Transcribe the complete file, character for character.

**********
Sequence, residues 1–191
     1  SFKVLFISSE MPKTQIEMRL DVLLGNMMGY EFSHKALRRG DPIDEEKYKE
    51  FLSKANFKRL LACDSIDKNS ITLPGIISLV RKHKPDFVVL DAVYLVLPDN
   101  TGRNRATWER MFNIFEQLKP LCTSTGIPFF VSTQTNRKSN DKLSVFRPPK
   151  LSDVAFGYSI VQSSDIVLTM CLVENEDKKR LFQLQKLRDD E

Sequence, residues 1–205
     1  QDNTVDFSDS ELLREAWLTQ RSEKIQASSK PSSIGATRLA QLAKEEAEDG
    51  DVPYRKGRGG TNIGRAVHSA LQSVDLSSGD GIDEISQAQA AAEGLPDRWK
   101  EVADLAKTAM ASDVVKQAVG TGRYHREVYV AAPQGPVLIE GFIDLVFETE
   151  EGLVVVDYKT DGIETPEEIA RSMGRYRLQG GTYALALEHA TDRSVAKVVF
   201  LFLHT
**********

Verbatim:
Sequence, residues 1–191
     1  SFKVLFISSE MPKTQIEMRL DVLLGNMMGY EFSHKALRRG DPIDEEKYKE
    51  FLSKANFKRL LACDSIDKNS ITLPGIISLV RKHKPDFVVL DAVYLVLPDN
   101  TGRNRATWER MFNIFEQLKP LCTSTGIPFF VSTQTNRKSN DKLSVFRPPK
   151  LSDVAFGYSI VQSSDIVLTM CLVENEDKKR LFQLQKLRDD E

Sequence, residues 1–205
     1  QDNTVDFSDS ELLREAWLTQ RSEKIQASSK PSSIGATRLA QLAKEEAEDG
    51  DVPYRKGRGG TNIGRAVHSA LQSVDLSSGD GIDEISQAQA AAEGLPDRWK
   101  EVADLAKTAM ASDVVKQAVG TGRYHREVYV AAPQGPVLIE GFIDLVFETE
   151  EGLVVVDYKT DGIETPEEIA RSMGRYRLQG GTYALALEHA TDRSVAKVVF
   201  LFLHT